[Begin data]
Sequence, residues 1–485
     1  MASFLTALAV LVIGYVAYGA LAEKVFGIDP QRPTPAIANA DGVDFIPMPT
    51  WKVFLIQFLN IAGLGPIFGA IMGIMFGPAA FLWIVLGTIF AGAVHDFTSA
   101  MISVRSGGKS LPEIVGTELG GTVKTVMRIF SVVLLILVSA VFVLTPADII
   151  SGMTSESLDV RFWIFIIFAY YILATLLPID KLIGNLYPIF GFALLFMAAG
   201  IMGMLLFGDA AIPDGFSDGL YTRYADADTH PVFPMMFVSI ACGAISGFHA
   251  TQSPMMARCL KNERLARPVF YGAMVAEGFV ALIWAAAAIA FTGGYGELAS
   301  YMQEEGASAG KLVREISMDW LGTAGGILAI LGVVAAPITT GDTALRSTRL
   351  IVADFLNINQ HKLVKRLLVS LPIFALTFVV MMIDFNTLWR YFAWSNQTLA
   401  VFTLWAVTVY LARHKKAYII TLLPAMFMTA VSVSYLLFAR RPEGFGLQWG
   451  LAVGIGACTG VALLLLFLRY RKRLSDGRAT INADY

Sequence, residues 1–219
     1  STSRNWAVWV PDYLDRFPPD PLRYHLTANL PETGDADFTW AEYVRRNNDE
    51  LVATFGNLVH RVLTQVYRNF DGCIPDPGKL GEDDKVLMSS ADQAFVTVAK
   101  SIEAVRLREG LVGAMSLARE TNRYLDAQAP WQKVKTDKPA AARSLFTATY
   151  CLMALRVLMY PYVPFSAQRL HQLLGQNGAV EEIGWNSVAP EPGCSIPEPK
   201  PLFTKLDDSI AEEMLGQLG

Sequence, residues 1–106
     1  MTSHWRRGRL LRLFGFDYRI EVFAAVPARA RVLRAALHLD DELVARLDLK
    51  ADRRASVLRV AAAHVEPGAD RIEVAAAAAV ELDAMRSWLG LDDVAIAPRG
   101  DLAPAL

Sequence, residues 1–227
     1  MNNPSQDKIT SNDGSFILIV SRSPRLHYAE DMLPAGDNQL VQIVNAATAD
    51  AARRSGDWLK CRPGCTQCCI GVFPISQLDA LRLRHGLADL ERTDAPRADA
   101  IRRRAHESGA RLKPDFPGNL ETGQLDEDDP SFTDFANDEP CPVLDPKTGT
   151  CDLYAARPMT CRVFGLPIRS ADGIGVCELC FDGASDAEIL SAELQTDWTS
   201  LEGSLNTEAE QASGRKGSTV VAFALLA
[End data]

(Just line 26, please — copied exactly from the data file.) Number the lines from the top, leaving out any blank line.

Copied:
   151  CDLYAARPMT CRVFGLPIRS ADGIGVCELC FDGASDAEIL SAELQTDWTS